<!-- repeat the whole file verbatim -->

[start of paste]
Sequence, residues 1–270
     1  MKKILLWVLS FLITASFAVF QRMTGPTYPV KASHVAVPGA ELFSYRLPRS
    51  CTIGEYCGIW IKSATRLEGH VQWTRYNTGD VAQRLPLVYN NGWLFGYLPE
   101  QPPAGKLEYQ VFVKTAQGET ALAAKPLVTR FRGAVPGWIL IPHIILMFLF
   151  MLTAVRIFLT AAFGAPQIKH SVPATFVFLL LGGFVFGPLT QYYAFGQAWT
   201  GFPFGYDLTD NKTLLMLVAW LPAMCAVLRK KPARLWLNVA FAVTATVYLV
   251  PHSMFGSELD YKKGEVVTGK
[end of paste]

Sequence, residues 1–270
     1  MKKILLWVLS FLITASFAVF QRMTGPTYPV KASHVAVPGA ELFSYRLPRS
    51  CTIGEYCGIW IKSATRLEGH VQWTRYNTGD VAQRLPLVYN NGWLFGYLPE
   101  QPPAGKLEYQ VFVKTAQGET ALAAKPLVTR FRGAVPGWIL IPHIILMFLF
   151  MLTAVRIFLT AAFGAPQIKH SVPATFVFLL LGGFVFGPLT QYYAFGQAWT
   201  GFPFGYDLTD NKTLLMLVAW LPAMCAVLRK KPARLWLNVA FAVTATVYLV
   251  PHSMFGSELD YKKGEVVTGK